Holy Grails, Promised Lands
- Proofs and Three Parables by George Steiner
Faber, 114 pp, £5.99, March 1992, ISBN 0 571 16621 0
‘Proofs’, the longest story here, looks to be George Steiner’s farewell tribute on the passing of Communism; hardly a tribute, but rather more magnanimous than the run of postmortems and obituaries elicited by the event. The main character, an Italian somewhat old-fashionedly referred to as the Professore, is a convinced long-time Communist, by métier a fanatical proof-reader. The Communist, or European Communist, viewpoint is presented forcefully (if predictably): what does Western democracy have to offer but girlie magazines, lacquer for toenails, deodorants? Yes, the Professore admits, we Communists got it wrong, even hideously wrong, ‘but the big error, the overestimate of man from which the mistake came, is the single most noble motion of the human spirit in our awful history ... Every beggar is a prince of possibility.’ (Or, ‘a man’s reach should exceed his grasp ...’) Father Carlo – the Professore’s friend and debating partner, claims that the atrocities committed by the Church, on the other hand, were carried out by those who laboured to save souls: they saw themselves as God’s agents – or, ‘this hurts me more than it hurts you’ – whereas the victims of Communism were butchered ‘so that gangsters and hangmen and bureaucrats could fatten’.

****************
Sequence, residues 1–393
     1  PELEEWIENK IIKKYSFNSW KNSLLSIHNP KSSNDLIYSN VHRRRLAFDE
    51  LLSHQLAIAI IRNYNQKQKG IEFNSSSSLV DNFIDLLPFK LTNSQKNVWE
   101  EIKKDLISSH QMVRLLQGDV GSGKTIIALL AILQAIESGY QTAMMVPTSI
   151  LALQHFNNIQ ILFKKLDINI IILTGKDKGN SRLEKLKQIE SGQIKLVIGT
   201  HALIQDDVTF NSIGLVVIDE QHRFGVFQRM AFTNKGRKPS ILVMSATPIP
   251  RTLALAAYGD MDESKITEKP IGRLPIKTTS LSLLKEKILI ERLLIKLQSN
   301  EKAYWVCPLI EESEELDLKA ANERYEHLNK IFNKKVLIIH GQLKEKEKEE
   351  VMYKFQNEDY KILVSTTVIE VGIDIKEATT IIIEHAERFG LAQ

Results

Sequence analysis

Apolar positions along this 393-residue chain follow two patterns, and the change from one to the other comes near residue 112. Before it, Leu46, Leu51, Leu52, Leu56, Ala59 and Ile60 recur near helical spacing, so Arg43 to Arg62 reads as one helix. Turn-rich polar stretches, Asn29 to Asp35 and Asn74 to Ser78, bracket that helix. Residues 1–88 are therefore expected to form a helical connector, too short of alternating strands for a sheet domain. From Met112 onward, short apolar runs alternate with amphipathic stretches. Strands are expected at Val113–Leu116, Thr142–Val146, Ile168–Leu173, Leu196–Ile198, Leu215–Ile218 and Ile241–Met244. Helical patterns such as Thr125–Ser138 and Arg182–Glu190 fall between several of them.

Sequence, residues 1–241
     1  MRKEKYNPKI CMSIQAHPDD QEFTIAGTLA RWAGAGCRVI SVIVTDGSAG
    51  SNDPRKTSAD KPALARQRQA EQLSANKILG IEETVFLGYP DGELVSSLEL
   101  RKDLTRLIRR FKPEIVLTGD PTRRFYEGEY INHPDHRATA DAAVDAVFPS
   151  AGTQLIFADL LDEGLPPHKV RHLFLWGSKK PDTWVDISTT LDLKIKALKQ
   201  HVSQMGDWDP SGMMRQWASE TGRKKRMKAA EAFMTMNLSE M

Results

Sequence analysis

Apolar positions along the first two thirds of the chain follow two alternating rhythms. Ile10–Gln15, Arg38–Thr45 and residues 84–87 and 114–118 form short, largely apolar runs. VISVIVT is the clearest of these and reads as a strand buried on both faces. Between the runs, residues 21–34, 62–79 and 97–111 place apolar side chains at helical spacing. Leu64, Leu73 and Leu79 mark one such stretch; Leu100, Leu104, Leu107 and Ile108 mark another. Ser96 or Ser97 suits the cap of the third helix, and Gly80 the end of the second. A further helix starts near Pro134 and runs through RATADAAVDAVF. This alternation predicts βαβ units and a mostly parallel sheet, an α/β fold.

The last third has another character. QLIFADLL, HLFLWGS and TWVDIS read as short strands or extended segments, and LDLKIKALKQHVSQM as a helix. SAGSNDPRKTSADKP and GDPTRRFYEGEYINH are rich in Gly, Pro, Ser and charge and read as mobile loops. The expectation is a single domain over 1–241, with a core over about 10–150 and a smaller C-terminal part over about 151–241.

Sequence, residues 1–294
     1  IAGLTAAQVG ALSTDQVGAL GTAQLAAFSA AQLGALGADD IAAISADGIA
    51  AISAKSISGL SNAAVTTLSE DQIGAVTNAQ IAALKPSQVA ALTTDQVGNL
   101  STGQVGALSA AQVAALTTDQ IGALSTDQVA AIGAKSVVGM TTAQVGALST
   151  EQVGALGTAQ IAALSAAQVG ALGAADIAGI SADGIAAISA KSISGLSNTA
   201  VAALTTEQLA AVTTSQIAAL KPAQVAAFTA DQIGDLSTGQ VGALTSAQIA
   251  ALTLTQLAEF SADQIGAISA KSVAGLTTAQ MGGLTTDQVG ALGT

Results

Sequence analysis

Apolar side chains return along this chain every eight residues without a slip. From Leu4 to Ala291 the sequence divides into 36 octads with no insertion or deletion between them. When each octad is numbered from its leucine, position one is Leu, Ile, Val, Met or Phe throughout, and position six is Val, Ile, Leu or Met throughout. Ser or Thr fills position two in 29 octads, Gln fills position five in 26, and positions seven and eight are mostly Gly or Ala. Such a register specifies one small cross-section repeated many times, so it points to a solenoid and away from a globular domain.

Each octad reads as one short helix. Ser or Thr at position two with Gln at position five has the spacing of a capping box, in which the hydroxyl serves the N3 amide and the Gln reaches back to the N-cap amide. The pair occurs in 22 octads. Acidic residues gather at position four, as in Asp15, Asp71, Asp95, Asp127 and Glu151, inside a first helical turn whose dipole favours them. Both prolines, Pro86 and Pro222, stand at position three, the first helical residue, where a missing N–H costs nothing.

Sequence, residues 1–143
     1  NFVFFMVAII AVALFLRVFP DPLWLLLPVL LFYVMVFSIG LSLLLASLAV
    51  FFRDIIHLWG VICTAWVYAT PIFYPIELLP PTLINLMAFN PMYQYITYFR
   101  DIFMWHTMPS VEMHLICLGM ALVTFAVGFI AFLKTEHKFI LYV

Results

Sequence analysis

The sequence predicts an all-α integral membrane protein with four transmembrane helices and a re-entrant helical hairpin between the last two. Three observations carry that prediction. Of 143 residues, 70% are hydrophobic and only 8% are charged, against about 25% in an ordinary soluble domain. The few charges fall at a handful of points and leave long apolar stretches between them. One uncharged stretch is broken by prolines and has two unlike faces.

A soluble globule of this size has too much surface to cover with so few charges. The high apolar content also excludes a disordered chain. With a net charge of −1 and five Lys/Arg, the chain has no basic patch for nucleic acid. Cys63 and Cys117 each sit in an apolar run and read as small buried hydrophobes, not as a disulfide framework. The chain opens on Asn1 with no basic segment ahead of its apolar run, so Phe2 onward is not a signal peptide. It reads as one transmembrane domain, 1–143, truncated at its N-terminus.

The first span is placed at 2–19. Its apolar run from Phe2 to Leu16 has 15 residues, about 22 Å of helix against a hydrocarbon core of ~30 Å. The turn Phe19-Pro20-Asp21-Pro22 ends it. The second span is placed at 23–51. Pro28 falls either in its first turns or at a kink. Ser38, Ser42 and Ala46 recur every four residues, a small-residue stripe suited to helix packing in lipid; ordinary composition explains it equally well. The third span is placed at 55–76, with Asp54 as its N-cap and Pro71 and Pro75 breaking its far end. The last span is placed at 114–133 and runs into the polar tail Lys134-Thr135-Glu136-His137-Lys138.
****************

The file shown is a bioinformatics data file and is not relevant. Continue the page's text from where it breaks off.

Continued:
Some relative subtleties arise in the course of the disputation. Yes, rock music is detestable, says Father Carlo, but rocking around the clock has raised millions for charity, whereas such refined pursuits as reading Kant and listening to Schubert were the mark of those who then went off ‘to stuff millions into gas ovens’ – and moreover if America is a country where people never grow up, then in Romania babies are born old. In reply, the Professore contends that while capitalism leaves men to wallow in their mud, Marxism encouraged them to attend symphony concerts and visit museums free of charge. His clinching argument is comically solipsistic: he remains a Marxist because otherwise he couldn’t be a proof-reader, since if ‘California’ triumphs (the reference is to Silicon Valley rather than some infamous prison or labour camp), machines will do the job, and do it better, which will put paid to the holy, human occupation of getting it right. ‘Communism means taking the errata out of history,’ the Professore says – later we see him agitating over a misprint in a handbill for an auction, and invoking the cabbalistic story that all the evils of human life derive from a tiny mistake made by a scribe in recording Holy Writ – ‘taking the errata out of history. Out of man. Reading proofs.’ In fact, the Professore’s eyesight is going.
The trouble with this debate is that the opposed and to some extent colluding parties speak with the same peculiar rhetoric, Steiner’s rhetoric – or a debased, stagy form of it. Very well, the Professore allows, perhaps Communism, even Stalinism, ‘horribly overestimated’ man, but the essence of capitalism is to set a low value on us and then, by catering accordingly (obeying market forces, its champions would say), keep us low.
The Holy Grail of cable-pornography for all is in sight. Look: there is the promised land, Disneyworld for all. And there are gods, Carlo mio, in supermarket heaven. Madonna of the sequin tights. And Maradona, he of the hand of God. Has it ever struck you how those two names ...
The full text of this book review is only available to subscribers of the London Review of Books.